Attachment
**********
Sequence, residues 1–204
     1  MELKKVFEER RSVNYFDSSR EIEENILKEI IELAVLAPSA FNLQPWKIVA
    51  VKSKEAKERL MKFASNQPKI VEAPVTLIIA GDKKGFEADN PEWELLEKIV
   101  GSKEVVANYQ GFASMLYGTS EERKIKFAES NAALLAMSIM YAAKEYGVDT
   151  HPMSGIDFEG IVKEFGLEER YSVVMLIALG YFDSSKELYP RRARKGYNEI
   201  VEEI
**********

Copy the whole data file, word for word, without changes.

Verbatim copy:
Sequence, residues 1–204
     1  MELKKVFEER RSVNYFDSSR EIEENILKEI IELAVLAPSA FNLQPWKIVA
    51  VKSKEAKERL MKFASNQPKI VEAPVTLIIA GDKKGFEADN PEWELLEKIV
   101  GSKEVVANYQ GFASMLYGTS EERKIKFAES NAALLAMSIM YAAKEYGVDT
   151  HPMSGIDFEG IVKEFGLEER YSVVMLIALG YFDSSKELYP RRARKGYNEI
   201  VEEI